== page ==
To remind those who believe that the National Guard will not go house to house to disarm you.

5 responses to To remind those who believe that the National Guard will not go house to house to disarm you.

  1. Guesty McGuesterson December 17th, 2019 at 7:14 pm

    As a lifelong Southern Californian, I can tell you for certain that most of LAPD and LASD will do it. I honest-to-God overheard a conversation recently between three late 20-somethings who were going through LE academy training. When they started talking about their next career goals, one of them said he wants to enroll with S.W.A.T. When one of his buddies asked why that particular dept, the first one replied,

    “Because they’re badass and they get to kick in doors.”

    Yes, I fully believe many of them will simply do what they’re told, and will gladly take your guns while believing they’re doing the right thing for their superiors and their pensions.


  2. Geoff December 17th, 2019 at 6:51 pm

    It would violate the Posse Comitatus Act as they would be enforce a civilian law that only the civilian Law Enforce are permitted to enforce.

    www dot history dot navy dot mil/research/library/online-reading-room/title-list-alphabetically/p/posse-comitatus-act-and-related-matters-a-sketch.html

    Willfully Execute the Laws. The Act is limited to “willful” misuse of the Army or Air Force. The Senate version of the original Act would have limited proscription to “willful and knowing” violations, 7 Cong. Rec. 4302 (1878); the House version had no limitation, 7 Cong. Rec. 4181 (1878). The compromise which emerged from conference opted to forbid only willful violations, but nothing in the legislative history explains what the limitation means. It seems unlikely that a court would convict for anything less than a deliberate disregard of the law’s requirements.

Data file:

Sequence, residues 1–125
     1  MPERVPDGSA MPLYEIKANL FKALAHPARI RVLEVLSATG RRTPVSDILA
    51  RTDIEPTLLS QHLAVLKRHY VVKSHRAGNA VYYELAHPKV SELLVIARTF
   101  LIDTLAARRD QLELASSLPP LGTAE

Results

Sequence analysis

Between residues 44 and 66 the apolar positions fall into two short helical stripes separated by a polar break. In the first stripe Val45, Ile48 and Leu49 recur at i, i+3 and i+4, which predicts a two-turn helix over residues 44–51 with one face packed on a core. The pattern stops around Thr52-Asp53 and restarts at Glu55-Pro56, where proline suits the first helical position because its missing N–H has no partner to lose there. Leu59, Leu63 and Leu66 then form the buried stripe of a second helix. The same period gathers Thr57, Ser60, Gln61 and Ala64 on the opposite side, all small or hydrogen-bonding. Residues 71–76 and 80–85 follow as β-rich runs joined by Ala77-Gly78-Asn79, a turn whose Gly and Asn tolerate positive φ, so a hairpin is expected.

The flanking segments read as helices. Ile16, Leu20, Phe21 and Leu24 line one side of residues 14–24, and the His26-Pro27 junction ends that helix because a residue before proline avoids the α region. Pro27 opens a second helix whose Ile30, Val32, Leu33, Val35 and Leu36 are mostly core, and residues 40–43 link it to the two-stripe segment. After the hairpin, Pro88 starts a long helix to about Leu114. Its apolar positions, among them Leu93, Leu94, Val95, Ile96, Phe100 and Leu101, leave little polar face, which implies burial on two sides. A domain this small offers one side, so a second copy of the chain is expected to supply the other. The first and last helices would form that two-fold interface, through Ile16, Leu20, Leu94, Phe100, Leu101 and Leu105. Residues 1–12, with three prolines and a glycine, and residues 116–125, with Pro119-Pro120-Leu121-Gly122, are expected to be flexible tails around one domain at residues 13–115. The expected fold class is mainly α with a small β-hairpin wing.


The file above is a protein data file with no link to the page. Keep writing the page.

When has the Army or Air Force been used “to execute the laws”? Existing case law and commentary indicate that “execution of the law” in violation of the Posse Comitatus Act occurs (a) when the armed forces perform tasks ordinarily assigned not to them but to an organ of civil government, or (b) when the armed forces perform tasks assigned to them solely for purposes of civilian government. While inquiries may surface in other contexts, such as the use of the armed forces to fight forest fires or to provide assistance in the case of other natural disasters, Posse Comitatus Act questions arise most often when the armed forces assist civilian police.

    The tests used by most contemporary courts to determine whether military forces have been used improperly as police forces in violation of the Posse Comitatus Act were developed out of disturbances in 1973 at Wounded Knee on the Pine Ridge Indian Reservation in South Dakota and inquire: (1) whether civilian law enforcement officials made a direct active use of military investigators to execute the law; (2) whether the use of the military pervaded the activities of the civilian officials; or (3) whether the military was used so as to subject citizens to the exercise of military power which was regulatory, prescriptive, or compulsory in nature.


    • Geoff December 17th, 2019 at 6:52 pm

      Keyboard is flaky. We need edit capability.


  3. DJ December 16th, 2019 at 9:29 pm

    The inevitable boogaloo is going to suck.


  4. Mike Brewster December 16th, 2019 at 5:11 pm

    This Guardsman won’t do it.


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